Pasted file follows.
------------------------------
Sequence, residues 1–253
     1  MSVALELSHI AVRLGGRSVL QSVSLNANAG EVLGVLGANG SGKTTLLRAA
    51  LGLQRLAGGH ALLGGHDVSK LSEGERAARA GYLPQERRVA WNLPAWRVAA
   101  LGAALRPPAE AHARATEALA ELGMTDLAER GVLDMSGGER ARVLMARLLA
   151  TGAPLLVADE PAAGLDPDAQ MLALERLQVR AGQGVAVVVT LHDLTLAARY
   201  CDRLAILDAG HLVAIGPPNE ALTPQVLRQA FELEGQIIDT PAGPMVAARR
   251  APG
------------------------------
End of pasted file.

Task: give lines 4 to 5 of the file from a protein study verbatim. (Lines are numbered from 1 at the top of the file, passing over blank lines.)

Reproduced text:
   101  LGAALRPPAE AHARATEALA ELGMTDLAER GVLDMSGGER ARVLMARLLA
   151  TGAPLLVADE PAAGLDPDAQ MLALERLQVR AGQGVAVVVT LHDLTLAARY